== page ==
At the very end all the cash that went in & out of the business for a specific period will be recorded under the different activities to show whether the business is cash flow positive or negative at the end of that period.

Cash Flow Tracking

It is also recommended as a business owner to keep a monthly cash flow tracking sheet, that tracks your revenue, payment to suppliers and expenses, to make sure every month will be cash positive and plan for any shortages in advance.

This is different from the cash flow statement issued at the end of the year or every quarter.


Learn about Cash Flow Management for Retail & Ecommerce

Why you need to understand retail financial statements?

Regional Retail Managers

As a Retail Manager at a retail company, you don’t usually get access to the balance sheet and cash flow statement, but you should be aware of all the retail financial statements at least to understand what the business owners are looking at and how they measure the overall business performance .

For e.g if you make a suggestion of opening new stores in certain area, you should be aware that for your suggestion to be executed, the owners/ senior management will need to have enough cash to invest in this expansion. If the business itself does not have enough free cash flow, this would mean that the operation will have to be financed by borrowing, which will add financing costs that have to be taken into consideration while assessing the feasibility of the new operation.

Your main KPI as a retail manager will usually be to manage the P&L of the locations you are responsible for. Read our complete guide about P&L management for more insights about this process.

Retail Owners

As a retail or ecommerce business owner you should be generating & tracking those statements quarterly or annually to assess your business performance, whether this business is managed by you or by a management team.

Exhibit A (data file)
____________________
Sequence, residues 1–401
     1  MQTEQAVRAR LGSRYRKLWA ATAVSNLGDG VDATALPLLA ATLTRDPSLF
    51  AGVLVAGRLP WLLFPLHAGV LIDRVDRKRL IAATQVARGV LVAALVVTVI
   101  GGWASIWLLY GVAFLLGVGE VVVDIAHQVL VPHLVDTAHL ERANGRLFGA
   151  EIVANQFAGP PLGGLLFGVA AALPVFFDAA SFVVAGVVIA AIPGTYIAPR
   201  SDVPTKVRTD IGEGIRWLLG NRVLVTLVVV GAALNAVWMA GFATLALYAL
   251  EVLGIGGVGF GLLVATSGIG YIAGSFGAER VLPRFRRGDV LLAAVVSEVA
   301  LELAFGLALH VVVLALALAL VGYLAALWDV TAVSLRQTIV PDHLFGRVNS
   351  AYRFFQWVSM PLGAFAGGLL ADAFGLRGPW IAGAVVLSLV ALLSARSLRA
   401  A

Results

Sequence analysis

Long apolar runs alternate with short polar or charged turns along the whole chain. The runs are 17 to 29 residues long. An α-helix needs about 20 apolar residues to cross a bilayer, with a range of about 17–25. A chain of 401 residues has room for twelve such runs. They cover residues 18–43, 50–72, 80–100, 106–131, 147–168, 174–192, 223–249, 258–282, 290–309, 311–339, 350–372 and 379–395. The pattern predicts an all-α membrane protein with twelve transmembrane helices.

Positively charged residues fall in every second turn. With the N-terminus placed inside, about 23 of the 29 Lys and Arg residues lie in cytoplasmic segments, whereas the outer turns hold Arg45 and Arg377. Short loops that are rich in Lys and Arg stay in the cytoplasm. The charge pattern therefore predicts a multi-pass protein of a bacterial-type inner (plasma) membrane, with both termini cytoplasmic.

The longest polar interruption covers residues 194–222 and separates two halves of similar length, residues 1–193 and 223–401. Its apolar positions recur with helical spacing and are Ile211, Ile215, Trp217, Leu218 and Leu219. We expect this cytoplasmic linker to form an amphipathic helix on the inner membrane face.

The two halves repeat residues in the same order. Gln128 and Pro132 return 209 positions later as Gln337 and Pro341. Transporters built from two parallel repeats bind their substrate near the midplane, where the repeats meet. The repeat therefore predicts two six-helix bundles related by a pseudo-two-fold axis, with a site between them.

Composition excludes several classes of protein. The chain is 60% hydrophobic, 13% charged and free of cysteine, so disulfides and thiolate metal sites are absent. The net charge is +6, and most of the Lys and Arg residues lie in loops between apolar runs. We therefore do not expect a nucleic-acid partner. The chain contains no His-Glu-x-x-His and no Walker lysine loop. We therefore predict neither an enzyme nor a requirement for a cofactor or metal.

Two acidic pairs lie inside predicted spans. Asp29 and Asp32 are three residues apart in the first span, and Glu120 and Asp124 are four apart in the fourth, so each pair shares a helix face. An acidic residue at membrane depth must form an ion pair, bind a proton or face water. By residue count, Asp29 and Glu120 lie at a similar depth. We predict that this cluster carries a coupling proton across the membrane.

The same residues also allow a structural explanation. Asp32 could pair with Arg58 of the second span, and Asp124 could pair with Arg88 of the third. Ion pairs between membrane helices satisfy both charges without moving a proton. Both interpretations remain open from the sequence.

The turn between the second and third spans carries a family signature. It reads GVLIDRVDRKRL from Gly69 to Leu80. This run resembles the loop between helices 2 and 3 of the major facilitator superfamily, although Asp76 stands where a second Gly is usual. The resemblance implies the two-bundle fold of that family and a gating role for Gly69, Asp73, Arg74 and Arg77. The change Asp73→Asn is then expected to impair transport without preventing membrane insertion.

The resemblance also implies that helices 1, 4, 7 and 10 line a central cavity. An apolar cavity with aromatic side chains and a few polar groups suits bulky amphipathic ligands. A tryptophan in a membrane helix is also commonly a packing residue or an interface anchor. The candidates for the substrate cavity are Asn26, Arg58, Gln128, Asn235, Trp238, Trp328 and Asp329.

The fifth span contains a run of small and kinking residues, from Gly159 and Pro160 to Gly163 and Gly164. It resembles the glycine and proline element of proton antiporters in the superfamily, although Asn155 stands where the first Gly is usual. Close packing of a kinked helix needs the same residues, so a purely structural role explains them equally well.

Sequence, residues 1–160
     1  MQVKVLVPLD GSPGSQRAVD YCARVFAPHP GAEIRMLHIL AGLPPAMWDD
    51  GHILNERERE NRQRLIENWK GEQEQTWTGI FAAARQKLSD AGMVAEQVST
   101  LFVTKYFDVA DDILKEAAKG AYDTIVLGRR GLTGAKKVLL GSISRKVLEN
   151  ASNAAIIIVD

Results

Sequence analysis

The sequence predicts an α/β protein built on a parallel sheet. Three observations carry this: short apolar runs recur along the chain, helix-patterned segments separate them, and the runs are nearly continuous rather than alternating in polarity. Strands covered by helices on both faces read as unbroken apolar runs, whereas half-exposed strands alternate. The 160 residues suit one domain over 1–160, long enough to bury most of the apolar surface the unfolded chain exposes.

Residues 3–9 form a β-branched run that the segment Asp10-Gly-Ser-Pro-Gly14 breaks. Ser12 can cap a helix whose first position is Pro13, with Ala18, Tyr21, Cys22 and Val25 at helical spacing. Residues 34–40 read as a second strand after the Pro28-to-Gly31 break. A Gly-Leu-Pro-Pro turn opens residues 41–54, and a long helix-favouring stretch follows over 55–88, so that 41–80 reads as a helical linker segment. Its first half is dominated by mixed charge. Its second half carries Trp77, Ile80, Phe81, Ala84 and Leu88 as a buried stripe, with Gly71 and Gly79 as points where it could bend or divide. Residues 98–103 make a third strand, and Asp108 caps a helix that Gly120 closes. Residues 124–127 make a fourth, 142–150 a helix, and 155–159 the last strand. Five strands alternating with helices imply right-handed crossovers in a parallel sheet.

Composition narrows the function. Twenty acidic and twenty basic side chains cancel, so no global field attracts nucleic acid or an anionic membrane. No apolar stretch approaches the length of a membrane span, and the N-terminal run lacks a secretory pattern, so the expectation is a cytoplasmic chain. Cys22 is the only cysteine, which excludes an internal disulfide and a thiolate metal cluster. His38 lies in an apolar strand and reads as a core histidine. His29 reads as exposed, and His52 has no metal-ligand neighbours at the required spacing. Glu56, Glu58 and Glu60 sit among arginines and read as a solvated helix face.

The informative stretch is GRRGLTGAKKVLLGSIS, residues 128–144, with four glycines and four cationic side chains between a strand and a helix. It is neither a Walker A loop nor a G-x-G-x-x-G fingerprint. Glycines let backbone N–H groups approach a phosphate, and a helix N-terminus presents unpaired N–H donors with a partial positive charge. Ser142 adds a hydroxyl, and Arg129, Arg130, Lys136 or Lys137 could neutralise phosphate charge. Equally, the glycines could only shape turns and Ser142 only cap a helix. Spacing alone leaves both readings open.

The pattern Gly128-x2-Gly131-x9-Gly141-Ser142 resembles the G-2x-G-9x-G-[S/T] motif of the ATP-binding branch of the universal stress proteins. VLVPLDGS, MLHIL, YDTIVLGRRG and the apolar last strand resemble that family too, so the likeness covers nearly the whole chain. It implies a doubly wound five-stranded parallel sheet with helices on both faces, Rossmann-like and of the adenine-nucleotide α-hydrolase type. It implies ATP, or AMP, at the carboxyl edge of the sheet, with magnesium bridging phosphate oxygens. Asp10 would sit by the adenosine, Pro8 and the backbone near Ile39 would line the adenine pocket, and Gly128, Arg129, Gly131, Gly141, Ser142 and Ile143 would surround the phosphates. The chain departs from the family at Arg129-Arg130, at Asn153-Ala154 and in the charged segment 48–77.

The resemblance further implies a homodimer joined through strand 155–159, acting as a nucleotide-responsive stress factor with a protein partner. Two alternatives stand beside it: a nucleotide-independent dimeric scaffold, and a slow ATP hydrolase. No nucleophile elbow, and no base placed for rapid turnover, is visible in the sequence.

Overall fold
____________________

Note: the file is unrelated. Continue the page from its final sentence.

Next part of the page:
You should always be aware of how your balance sheet looks like and where your current working capital stands at. Read our article on retail balance sheet to know why it’s actually the balance sheet that matters at the end of the day.

Read Also: What is Working Capital?

Retail Financial Statements for Investors or Buyers

Investors or buyers interested in retail or ecommerce businesses will first look at how those businesses are performing financially and how they have been managed through their financial statements.

Click through the links for each statement and read our article or guide on it to understand what goes into a retailer’s business financials.

Looking at the financial statements of any business can give you enough picture to know how this business is run, and whether or not it is a healthy business that you want to invest in.

We have also analyzed different Shopify businesses for sale and created a guide for buyers and investors on what to look for when buying such a business. Please go through it to get an idea about how to assess the health of such a business.


Access our members area for guides, blueprints, tools and templates that help you manage your retail financials.

Bottom Line

Retail financial statements can be combined together to give a snapshot of the performance of a retail or ecommerce business, as well as how it has been managed.

Retail owners and managers need to learn how to read those statements and how to take actions based on them.

Read more articles of Retail Financials